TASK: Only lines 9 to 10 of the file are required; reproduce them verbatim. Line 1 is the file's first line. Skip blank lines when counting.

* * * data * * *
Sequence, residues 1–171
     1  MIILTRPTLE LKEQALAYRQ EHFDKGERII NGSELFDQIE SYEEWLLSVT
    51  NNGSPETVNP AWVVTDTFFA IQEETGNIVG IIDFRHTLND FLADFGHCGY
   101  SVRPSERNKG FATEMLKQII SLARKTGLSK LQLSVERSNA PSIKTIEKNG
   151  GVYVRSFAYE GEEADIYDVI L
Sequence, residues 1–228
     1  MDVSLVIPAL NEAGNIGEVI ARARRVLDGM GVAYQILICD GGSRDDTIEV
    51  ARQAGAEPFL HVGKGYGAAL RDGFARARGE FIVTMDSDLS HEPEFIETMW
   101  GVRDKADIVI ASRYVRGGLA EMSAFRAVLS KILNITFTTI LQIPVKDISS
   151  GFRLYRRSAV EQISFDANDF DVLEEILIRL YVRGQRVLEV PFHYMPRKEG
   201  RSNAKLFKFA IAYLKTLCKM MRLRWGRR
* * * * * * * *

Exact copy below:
   101  GVRDKADIVI ASRYVRGGLA EMSAFRAVLS KILNITFTTI LQIPVKDISS
   151  GFRLYRRSAV EQISFDANDF DVLEEILIRL YVRGQRVLEV PFHYMPRKEG